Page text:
Divers search icy river for missing Maine toddler

Divers searched a half-mile stretch of an icy river Wednesday for any sign of a toddler who's been missing for more than three weeks, and authorities said investigators are considering all possibilities related to the girl's disappearance.

The number of tips on the possible whereabouts of 20-month-old Ayla Reynolds has now topped 600, said Stephen McCausland, spokesman for the Maine Department of Public Safety.

"We have ruled out no scenario. We have ruled out no one," McCausland told reporters gathered at a command post alongside the Kennebec River Wednesday. Eighteen divers searched the river while trying to avoid floating chunks of ice.

Ayla was reported missing from her father's Waterville home on Dec. 17, and her disappearance was declared a crime. A $30,000 reward, raised from private donors, is posted for information leading to her return.

The girl's father, Justin DiPietro, told The Associated Press on Wednesday that he was grateful to law enforcement officials and said he had "complete confidence in them."

"They've taken a lot of criticism, and people don't really know what's going on behind the scenes. These men have been out there working, working since Day 1. They missed Christmas. They missed New Year's with their families. They are doing everything they can to get my daughter home," he said.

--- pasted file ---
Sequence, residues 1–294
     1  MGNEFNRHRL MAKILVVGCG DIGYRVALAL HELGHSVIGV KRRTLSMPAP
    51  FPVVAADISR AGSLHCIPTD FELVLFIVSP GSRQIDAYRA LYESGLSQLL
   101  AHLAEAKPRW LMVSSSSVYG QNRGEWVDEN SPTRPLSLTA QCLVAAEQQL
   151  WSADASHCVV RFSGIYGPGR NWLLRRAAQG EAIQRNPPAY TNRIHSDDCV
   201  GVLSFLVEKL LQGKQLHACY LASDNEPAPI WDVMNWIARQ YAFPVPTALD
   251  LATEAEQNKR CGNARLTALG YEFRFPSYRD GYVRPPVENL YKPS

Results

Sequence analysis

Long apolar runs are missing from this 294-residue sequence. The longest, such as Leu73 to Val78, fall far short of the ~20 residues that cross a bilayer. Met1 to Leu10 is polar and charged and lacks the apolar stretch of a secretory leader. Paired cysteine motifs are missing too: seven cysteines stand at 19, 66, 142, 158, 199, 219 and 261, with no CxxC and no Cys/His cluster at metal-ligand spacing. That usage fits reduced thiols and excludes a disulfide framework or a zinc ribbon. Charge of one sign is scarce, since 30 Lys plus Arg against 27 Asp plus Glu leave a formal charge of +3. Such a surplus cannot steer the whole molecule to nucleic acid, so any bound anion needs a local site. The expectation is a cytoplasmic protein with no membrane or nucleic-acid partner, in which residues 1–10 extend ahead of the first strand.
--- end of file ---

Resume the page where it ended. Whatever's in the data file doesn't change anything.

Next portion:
Law enforcement officials have searched the woods near the girl's home and trash bins throughout Waterville. The nearby Messalonskee Stream was drained nearly dry on Dec. 21 so wardens could get a better look from the ground and sky.

Maine Warden Service Lt. Kevin Adam said no specific tip had led investigators to the Kennebec River. Searchers wanted to eliminate the half-mile stretch between a dam and a bridge as a possibility, and the weather was favorable, he said. Thursday's forecast calls for heavy snow.

"This is just us expanding our search area, trying to think of all the different scenarios, and doing what we can do to find Ayla," Adam said.

DiPietro declined to discuss any details of what happened before his daughter went missing, including who else was in the home the night Ayla was last seen.

DiPietro said he tries not to let negative thoughts creep into his mind when he considers what might have happened to his daughter.

"I've got to remain hopeful. I've got to remain optimistic. I've got to remain confident they are going to get Ayla home," he said.

Waterville police Chief Joseph Massey said that although it had been 26 days since Ayla vanished, "our intensity and our commitment to find Ayla is as great today as it was the first day."

All family members and those who were in the house the night Ayla was last seen have been cooperating, Massey said. There were three adults and two children in the house, McCausland said, but investigators have declined to identify any of them other than DiPietro and his daughter.

McCausland said investigators continue encouraging anyone with information, no matter how immaterial it might seem, to call state police.

"That might be the piece of information we need to crack this case wide open," McCausland said.